Lifeline Western Cape
A Person Becomes a Person Through Other People
LifeLine Southern Africa values nearly 40 years of experience and believes in the uniqueness of its core business. The Association endeavours to promote relevant, appropriate and accessible counselling and emotional wellness services in collaboration with strategic partners.
LifeLine was founded in 1963 by the late Reverend Dr Sir Alan Walker as a telephone crisis service of the Methodist Central Mission in Sydney.
Bishop Peter Storey brought LifeLine to South Africa in 1968 and opened a centre in Cape Town.
LifeLine in Southern Africa
Lifeline Southern Africa comprises of nineteen main centres. Most of the main centres have established or manage smaller subsidiaries that do not yet function independently or function as a service point in a community. These are known as outreaches. LifeLine Southern Africa covers South Africa, Botswana and Namibia.
The Association is an NGO/NPO (non-government/non-profit organisation) with the centres functioning autonomously. The Secretariat and the Executive Board is the body that accredits and represents LifeLine centres and service points throughout Southern Africa. The secretariat is the centralizing body of the organization. This is where regional and national projects are coordinated, procedures and policies developed, and capacity building for the organization is done.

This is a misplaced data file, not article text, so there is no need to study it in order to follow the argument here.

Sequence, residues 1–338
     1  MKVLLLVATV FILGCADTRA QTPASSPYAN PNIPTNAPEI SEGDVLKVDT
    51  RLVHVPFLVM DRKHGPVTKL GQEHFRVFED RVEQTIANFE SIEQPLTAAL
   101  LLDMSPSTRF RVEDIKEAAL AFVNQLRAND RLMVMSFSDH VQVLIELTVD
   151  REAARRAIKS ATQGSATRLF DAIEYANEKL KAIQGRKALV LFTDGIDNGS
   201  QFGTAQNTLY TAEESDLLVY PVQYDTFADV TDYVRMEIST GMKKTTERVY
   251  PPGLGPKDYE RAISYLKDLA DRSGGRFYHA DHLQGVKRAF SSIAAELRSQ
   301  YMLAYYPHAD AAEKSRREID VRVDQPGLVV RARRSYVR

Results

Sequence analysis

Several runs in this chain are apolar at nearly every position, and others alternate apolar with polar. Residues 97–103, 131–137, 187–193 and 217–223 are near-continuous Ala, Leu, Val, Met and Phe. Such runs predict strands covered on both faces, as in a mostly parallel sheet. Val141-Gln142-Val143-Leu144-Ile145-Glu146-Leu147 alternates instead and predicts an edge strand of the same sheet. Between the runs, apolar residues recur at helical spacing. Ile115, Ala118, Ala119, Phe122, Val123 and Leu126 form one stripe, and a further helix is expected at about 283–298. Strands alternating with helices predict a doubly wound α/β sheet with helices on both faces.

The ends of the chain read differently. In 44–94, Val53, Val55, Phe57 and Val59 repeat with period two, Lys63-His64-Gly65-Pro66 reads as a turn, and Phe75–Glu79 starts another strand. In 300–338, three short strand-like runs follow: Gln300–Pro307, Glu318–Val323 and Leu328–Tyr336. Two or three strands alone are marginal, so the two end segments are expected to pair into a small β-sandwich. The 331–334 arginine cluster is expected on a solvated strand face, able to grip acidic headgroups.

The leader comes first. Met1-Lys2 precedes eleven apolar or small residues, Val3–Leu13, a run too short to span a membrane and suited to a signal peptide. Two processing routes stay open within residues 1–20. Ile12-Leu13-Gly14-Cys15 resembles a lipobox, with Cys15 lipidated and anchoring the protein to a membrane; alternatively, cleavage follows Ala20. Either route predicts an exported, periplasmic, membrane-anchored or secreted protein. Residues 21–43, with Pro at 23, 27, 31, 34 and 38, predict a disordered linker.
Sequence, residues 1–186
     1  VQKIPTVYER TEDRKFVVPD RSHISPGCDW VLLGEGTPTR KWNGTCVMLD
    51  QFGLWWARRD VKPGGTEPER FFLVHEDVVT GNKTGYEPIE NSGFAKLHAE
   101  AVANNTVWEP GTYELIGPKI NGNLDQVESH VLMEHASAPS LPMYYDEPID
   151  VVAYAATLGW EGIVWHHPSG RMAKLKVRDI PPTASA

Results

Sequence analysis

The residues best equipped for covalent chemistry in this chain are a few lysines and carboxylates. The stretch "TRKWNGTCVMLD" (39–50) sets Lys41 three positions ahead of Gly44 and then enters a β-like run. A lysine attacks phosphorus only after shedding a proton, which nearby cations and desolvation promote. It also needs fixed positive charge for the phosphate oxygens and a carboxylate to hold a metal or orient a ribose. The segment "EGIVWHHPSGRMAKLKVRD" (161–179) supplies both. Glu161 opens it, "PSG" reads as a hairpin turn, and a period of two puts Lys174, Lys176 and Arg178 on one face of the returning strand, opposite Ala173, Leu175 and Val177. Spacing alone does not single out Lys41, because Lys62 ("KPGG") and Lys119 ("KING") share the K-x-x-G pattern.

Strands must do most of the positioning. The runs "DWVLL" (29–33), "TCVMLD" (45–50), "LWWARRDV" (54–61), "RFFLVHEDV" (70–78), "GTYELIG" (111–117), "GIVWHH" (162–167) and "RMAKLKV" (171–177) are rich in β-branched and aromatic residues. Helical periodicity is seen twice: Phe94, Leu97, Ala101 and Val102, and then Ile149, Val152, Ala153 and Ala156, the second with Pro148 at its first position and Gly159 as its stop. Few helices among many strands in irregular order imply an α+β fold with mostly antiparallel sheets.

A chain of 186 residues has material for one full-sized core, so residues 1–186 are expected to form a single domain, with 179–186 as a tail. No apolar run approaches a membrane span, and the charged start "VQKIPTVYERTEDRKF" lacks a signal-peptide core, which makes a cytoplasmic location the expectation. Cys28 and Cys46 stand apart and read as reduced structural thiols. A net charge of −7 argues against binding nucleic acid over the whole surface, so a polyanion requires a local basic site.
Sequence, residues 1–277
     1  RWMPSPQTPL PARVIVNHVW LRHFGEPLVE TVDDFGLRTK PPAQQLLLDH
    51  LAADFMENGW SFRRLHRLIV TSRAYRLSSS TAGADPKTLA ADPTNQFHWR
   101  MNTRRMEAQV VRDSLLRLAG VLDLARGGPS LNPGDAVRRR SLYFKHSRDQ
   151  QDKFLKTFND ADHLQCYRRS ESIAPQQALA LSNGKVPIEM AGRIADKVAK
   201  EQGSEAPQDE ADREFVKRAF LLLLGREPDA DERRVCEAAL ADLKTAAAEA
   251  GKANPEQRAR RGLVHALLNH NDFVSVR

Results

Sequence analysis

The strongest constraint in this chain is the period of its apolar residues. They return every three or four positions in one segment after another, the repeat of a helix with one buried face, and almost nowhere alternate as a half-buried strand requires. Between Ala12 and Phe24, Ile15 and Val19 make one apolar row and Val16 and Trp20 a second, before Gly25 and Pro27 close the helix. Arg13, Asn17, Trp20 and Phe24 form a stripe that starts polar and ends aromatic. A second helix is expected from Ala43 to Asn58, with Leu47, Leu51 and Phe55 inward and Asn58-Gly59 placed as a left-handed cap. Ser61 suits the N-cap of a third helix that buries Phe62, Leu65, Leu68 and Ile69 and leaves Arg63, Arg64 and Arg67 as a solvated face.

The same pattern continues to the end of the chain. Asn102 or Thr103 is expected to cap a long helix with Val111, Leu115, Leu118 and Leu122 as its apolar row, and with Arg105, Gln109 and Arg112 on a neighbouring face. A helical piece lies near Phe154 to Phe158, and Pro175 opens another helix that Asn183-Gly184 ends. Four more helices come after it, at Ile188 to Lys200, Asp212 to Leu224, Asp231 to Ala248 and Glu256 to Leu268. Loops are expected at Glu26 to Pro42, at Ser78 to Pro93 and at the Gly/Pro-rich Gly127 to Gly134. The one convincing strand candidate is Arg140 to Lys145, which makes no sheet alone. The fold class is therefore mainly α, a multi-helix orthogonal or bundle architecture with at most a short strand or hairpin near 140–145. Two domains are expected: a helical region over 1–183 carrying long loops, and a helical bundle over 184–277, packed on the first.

LifeLine Southern Africa is a member of LifeLine International.
At grassroots, the services are delivered mostly by volunteers trained by ourselves and that earn at most a stipend for travelling etc. Some projects, due to their nature, employ permanent staff.
LifeLine International links centres and people in many parts of the world that are providing telephone counselling and related services through a membership that is administered by a board whose members are nominated by member countries. It is also the link to other international organizations like Samaritans, IFOTES and Befrienders.
There are 300 centres in 18 countries with some 50,000 active counsellors. These countries include Southern Africa ( South Africa, Namibia and Botswana), Canada, Ghana, Japan, Korea, New Zealand, Papua New Guinea, Australia, Taiwan, the Philippines, Samoa, Liberia, Fiji, Malaysia, Tonga, China and the USA.